MS fatigue is more than "normal" fatigue. It affects 80 to 90 percent of people diagnosed, and a majority of people feel it is their most debilitating symptom.
When fatigue is a force and daily presence, it is overwhelming, and may feel difficult to gain control it. When you are fatigued, you may have difficulty concentrating and remembering information; you may feel depressed, unmotivated and it may be physically challenging to complete even the most basic daily activities. Fatigue's impact on daily life can be reduced, and one's quality of life can be improved with a better understanding of your source of fatigue. Learning specific tools and energy conservation strategies to address specific fatigue, will help you take control over it.
Everyone has fatigue, but people with MS can experience an intensified "normal" fatigue. Some examples would be stress, poor nutrition, a poor night's sleep, and lack of activity or exercise. A person with MS may have high stress levels due to role changes and financial concerns. Depression may be present. Sleeping patterns are interrupted due to frequent needs to go to the bathroom, or the presence of leg spasms. A person with MS may have weakness and decreased balance, and thus, does not exercise and is deconditioned. Eating well may be a challenge due to a lack of time, energy, and appetite. Medications may have side effects of fatigue. A person with MS may have sensitivity and poor regulation to heat or cold and fatigue is the result. A person with MS may also experience fatigue unique to the disease process.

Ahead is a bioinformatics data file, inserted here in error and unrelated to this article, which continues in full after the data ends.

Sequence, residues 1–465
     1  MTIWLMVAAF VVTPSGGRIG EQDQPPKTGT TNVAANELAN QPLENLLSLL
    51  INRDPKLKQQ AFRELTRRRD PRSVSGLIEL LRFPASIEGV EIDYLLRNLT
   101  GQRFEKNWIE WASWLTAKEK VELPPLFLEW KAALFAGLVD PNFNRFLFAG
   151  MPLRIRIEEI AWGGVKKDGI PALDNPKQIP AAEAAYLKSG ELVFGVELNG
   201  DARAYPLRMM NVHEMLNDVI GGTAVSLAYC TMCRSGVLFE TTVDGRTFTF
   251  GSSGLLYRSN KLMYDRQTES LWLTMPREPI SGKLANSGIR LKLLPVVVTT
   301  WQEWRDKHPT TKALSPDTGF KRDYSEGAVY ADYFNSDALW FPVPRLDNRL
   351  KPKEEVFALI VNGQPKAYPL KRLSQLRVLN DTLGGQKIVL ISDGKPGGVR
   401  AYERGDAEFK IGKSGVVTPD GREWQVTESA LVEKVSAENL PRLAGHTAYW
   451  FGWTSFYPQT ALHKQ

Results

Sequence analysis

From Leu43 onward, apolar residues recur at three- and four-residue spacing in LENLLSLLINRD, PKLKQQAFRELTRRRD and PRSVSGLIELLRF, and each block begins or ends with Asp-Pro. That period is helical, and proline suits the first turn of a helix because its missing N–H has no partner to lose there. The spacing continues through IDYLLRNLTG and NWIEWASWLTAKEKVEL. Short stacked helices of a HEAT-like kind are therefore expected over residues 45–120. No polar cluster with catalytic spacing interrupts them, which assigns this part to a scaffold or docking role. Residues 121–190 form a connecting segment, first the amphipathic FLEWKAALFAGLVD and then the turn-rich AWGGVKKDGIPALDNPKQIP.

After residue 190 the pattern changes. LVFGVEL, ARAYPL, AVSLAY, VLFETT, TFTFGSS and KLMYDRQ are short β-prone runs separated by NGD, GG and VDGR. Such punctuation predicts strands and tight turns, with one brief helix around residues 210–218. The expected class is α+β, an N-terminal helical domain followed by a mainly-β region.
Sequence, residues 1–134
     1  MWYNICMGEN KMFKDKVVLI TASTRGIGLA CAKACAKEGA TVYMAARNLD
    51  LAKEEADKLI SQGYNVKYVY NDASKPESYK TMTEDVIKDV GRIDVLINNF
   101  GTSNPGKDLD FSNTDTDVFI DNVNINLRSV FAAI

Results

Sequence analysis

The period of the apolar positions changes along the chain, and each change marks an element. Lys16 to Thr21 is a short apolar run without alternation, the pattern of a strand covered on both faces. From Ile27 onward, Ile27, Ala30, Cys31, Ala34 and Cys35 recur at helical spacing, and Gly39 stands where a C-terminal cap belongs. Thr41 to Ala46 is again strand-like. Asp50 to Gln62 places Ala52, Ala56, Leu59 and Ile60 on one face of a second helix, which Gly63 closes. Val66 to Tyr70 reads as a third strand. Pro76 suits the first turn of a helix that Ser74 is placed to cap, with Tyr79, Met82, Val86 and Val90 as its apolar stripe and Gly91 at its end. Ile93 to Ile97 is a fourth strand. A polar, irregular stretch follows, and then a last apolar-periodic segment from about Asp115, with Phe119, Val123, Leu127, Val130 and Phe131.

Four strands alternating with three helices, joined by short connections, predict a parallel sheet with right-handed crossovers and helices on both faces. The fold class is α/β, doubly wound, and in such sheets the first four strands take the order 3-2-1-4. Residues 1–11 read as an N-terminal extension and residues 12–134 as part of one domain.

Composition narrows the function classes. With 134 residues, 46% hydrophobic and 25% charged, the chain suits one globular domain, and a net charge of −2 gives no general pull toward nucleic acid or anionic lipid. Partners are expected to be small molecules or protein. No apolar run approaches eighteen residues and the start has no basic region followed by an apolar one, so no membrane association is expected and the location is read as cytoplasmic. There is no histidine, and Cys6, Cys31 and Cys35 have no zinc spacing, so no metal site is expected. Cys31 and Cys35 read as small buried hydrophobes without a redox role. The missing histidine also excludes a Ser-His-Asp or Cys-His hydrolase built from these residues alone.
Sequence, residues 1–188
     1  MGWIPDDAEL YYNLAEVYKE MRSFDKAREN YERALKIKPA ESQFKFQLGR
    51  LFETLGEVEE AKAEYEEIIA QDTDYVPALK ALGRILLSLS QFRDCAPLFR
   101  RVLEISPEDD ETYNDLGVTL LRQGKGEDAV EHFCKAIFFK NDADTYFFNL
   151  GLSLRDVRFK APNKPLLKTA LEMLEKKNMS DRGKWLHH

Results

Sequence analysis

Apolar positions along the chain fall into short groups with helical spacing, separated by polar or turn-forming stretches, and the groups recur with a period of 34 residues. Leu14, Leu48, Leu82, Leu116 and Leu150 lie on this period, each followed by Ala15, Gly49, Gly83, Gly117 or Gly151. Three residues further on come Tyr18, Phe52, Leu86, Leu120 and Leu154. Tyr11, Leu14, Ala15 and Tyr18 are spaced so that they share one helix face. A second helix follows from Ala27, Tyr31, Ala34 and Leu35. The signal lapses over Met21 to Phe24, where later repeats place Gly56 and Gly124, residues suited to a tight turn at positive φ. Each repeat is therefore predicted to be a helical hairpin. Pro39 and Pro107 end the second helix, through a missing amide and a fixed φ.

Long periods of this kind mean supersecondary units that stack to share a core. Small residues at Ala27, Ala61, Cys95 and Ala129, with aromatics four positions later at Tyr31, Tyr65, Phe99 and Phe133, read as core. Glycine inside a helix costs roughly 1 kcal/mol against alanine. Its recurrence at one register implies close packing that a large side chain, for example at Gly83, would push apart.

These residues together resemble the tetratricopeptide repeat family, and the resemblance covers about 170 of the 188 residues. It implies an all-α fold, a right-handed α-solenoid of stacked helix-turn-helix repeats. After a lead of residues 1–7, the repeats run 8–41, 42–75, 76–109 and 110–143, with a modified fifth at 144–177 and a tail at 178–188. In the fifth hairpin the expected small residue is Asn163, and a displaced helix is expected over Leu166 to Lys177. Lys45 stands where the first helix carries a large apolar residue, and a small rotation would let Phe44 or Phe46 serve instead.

This fatigue is termed primary fatigue, or lassitude fatigue. The reason is not fully understood, but is thought to be associated with immune system changes and nerve conduction inefficiency. This fatigue is characterized by coming on sudden, at any time of day, and usually increases as the day goes on.
Identifying the types of fatigue you experience will help you know how to compensate and increase your energy level. Talk to your doctor about your fatigue. Rehabilitation professionals, such as occupational therapists or physical therapists, teach people how to conserve energy and how to compensate for daily activities, with the goal of having the greatest level of independence as possible. These professionals teach strategies that you can realistically integrate into your daily life.
This is when control over fatigue begins, and the small changes lead into more because you have the energy to do it. The key is to recognize there is not a magic silver bullet to "cure" fatigue. It is a combination of little tools unique to you that will help you manage fatigue, and give you hope and energy.